You’d be hard-pressed to think of a darker or more delicate subject for a “dark comedy” than a double-suicide. “On the Count of Three,” the debut feature of comic turned comic actor/director Jerrod Carmichael manages to pull that off. It’s a hilarious comedy built around two adorable doofuses that somehow feels pro suicide and pro “sticking around” at the same time.
Carmichael’s debut feature is an almost jaunty “last day” romp through two guys who seem ready to end it all and willing — eventually — to do it together. It ridicules a “system” that’s “obsessed with keeping everybody alive” and America’s easy access to the suicide, murder/suicide and double-suicide instrument of choice — firearms.
“How are these LEGAL?” dopey/mopey Kevin (Christopher Abbott) bellows, after one impulsive misuse of a firearm — one among many, I should add. “Read the CONSTITUTION. It’s my RIGHT, for some reason, to ‘bear’ this ‘arm.'”
The performances have a making-it-up-as-we-go-along familiarity. The messaging of Arit Katcher and Ryan Welch’s script has the simple profundity of the obvious. Of course America has a “gun problem.” Of course America has a “mental health problem.” And of course one problem makes the other that much worse.
Abbott (of “Black Bear” with Aubrey Plaza) plays the easier role. We meet Kevin in a mental hospital, because he’s already made up his mind, already attempted suicide once. He’s so anxious to get on with it that he lies to his counselor/”assessor” (Sydney Van Delft) about how eager he is to “start living life again” just to get out and end it all.
Val (Carmichael) is just now getting there. Something about shoveling mulch at a groundcover supply business in wintry Ontario and the prospect of a “promotion” has him yanking off his belt in the bathroom stall and taking his first stab at “not waking up in the morning,” which he tells Kevin is “the most beautiful thought I’ve had in a long time.”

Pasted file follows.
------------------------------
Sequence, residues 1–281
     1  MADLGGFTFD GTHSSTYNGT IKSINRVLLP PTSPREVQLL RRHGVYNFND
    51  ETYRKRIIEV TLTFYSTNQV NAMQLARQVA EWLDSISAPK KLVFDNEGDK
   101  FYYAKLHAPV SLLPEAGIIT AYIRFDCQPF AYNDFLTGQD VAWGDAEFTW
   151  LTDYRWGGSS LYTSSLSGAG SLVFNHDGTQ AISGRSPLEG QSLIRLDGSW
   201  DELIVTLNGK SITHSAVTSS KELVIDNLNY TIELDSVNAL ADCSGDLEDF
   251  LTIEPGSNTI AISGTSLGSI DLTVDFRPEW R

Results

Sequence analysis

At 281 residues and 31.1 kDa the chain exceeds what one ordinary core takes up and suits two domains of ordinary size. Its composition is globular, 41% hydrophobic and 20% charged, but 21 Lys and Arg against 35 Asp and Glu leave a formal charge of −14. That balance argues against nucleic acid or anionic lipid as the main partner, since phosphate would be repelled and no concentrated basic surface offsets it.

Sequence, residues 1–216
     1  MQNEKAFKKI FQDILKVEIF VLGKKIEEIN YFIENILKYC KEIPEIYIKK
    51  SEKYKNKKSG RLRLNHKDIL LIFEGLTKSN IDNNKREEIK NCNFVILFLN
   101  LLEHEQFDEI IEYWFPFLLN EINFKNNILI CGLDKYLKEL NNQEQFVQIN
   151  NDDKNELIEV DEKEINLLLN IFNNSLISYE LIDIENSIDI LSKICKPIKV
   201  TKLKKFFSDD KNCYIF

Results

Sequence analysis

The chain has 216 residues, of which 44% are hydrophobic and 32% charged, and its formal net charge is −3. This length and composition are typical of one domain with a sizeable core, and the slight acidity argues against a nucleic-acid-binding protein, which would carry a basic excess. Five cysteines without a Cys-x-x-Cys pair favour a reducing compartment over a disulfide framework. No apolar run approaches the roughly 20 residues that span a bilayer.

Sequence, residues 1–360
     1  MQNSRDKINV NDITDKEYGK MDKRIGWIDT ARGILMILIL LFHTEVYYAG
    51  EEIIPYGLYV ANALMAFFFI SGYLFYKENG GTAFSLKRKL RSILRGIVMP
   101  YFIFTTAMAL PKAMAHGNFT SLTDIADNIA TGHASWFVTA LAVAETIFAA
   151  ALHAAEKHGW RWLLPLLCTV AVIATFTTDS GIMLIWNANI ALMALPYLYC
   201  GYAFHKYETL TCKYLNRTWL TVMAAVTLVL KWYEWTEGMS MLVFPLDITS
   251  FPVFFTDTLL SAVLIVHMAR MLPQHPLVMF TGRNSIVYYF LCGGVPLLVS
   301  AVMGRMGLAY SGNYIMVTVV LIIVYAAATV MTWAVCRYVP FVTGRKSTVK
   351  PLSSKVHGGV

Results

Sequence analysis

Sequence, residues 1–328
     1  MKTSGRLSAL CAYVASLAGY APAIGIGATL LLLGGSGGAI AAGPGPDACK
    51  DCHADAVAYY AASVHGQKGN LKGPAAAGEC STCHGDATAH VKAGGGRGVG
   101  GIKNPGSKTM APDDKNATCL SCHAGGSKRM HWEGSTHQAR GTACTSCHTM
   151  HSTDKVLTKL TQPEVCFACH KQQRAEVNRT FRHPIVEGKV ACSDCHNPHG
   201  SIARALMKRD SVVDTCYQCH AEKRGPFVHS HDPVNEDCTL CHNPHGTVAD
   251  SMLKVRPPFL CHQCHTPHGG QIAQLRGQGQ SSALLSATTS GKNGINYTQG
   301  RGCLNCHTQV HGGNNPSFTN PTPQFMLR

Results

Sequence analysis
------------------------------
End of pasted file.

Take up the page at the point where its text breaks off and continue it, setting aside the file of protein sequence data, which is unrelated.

He visits his friend just to break him out. And after he does, Val shows Kevin and us his solution — two pistols. But Kevin, shockingly, needs a “last day,” a chance to “leave this world a better place” because “There’s no point in living a last day if we’re gonna live it like the rest.”
Kevin has an idea — ideas — about how each can make this day count. There’s a score from Kevin’s past he’d like to settle. And Val could take the day to reconcile with his dad (JB Smoove) and his ex (Tiffany Haddish) before saying farewell to all this.
“On the Count of Three” — that’s how they’ll do it when the time comes, each shooting the other in the head. But first they need to make and act on “last day” plans and have those plans go awry — sometimes grimly, sometimes hilariously.
For a comic, Carmichael’s damned good at playing the wacky Abbott’s straight man, still slipping in digs at his “white trash EMO POS” and “angry white boys shooting up high schools” in the middle of mocking Kevin’s on-the-nose choice of music (Papa Roach) for this odyssey.
Haddish, Smoove, Lavell Crawford and Henry Winkler make vivid, amusing and/or irritated impressions in small supporting roles.
Suicide isn’t dwelt upon even though it’s always present. The writers ensure that “On the Count of Three” never descends into a glib treatment of a potentially triggering subject. Kevin is one kind of potential victim, Val is another. They can joke around all they want, but hearing each out on his reasons allows the viewer to judge if, philosophically speaking, either or both make a good argument, pro or con.
Neither the subject nor the movie is for everyone. But “On the Count of Three” is a fascinating variation on a dark comedy theme, and its light touch with hidden depth is one of the most worthwhile farces about “the only serious question,” as Albert Camus famously put it — “whether or not to kill oneself.”
Rating: R for violence, suicide, pervasive language and some sexual references
Cast: Jerrod Carmichael, Christopher Abbott, Tiffany Haddish, JB Smoove, and Henry Winkler.
Credits: Directed by Jerrod Carmichael, scripted by Ari Katcher and Ryan Welch. A United Artists release.
Running time: 1:23